Saturday, March 02, 2019

The Ben and Juan Show--Episode 1 "Too Little Too Late at Forest Hills"

Superintendent Juan Mendez and principal Ben Sherman toured the school yesterday in an elaborate apology project. Evidently, they've been reading the mounting bad press. There is going to be even more, I hear.

They seem to have noted that the Forest Hills High School Parent Association has joined UFT in asking for the principal's removal. I can only guess by walking around the school and saying a few words of contrition they think that the school community will simply forget the last year and a half of failure and frustration.

It's always a good idea to admit when you make mistakes. Sitting on them and letting them build and expand rarely helps the situation. Nonetheless, the apology tour comes months and months after the alienation began. I'm betting the community doesn't buy it. Here's what Sherman said, in a letter to staff:

"I know you have been reading a lot about me recently.  I recognize there are many concerns.  I am against students using drugs, vaping, or smoking in our school.  I am against students loitering in the hallways, staircases, or other places.  I am not a perfect person.  I have many faults, just ask my wife.  I apologize for statements which have offended you, including saying 'because I am the Principal.'   I need to listen better to you.  If I have given anyone the impression that I am soft on crime or that I am permissive about drug use I apologize. 

It sounds good, on the surface. But is it a genuine revelation, or simply something you say out of expedience after the NY Post writes a few articles about you, and Jimmy Fallon makes you the target of a late-night joke? Call me cynical, but I think anyone with a modicum of self-awareness would have noticed there was a problem way sooner.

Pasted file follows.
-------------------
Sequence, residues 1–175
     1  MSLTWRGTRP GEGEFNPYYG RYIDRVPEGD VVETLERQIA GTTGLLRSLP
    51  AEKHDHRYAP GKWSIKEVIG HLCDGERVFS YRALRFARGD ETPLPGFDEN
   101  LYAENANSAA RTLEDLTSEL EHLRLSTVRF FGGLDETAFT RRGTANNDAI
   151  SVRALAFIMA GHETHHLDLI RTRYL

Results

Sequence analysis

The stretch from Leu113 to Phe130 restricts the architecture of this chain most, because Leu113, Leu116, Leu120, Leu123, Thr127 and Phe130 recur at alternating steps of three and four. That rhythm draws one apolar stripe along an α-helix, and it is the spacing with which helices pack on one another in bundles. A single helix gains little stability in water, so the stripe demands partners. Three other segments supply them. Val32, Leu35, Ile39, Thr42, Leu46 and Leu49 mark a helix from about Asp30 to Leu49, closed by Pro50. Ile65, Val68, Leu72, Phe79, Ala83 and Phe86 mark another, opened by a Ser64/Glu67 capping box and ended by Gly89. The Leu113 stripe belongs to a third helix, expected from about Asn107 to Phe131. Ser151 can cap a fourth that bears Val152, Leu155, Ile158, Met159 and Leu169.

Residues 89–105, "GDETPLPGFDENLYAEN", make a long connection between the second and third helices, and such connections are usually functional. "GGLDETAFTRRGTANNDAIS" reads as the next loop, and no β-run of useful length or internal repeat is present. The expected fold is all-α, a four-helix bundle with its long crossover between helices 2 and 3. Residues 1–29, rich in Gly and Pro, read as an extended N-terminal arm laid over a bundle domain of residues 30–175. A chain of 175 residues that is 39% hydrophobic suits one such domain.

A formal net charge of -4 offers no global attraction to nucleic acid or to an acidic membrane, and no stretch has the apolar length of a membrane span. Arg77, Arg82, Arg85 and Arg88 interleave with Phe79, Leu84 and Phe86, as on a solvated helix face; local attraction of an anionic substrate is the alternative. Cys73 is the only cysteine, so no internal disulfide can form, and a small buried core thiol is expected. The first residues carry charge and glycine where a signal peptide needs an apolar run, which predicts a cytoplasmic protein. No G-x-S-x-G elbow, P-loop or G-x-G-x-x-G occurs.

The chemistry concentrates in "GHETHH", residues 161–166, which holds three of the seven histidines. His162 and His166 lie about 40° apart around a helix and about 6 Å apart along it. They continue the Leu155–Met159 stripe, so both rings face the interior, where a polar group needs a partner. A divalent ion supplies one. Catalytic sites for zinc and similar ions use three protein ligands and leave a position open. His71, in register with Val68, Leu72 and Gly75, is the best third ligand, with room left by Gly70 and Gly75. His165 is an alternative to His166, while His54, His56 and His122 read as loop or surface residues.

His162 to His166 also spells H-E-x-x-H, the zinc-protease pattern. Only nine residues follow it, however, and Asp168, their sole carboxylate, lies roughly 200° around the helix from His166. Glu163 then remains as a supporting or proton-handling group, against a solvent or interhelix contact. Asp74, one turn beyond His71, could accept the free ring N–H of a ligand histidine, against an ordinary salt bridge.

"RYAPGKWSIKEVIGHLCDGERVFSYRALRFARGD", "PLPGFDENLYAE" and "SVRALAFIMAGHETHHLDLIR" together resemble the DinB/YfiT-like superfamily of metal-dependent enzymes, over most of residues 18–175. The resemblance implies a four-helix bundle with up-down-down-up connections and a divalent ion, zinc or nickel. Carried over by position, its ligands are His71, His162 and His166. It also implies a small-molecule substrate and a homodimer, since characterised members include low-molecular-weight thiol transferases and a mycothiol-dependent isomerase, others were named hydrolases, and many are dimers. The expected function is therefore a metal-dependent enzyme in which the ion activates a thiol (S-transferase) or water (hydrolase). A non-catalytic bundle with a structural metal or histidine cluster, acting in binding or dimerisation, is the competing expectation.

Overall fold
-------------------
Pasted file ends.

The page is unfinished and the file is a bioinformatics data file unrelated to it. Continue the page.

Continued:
The unspoken request is that Forest Hills move back to square one, and that the community trust someone who has done absolutely nothing to earn trust. Norm Scott always says, "Watch what they do, not what they say," and that's apt here. While the principal, likely as not at the urging of the superintendent who placed him, has put out a few words, his actions say he doesn't care a whit about the school community.

To me, that's not a strong calling card for someone to lead a school. After a consistent pattern of abuse, of looking the other way, of refusing to own responsibility, a few words are less than persuasive.

As a teacher, if I ran my class the way Ben Sherman seems to have run his school, I'd almost certainly be up on charges for incompetence. It's funny how, here in Fun City, principals can just say, "I'm sorry," and have every expectation of plodding on in their gross ineptitude. Funnier still is, given the Leadership Academy, it's likely the city trained Ben Sherman to behave this way.

If the mayor and chancellor are serious about going in a different direction than that of Michael Bloomberg, they need to take decisive action. "Oopzie," simply does not quality.
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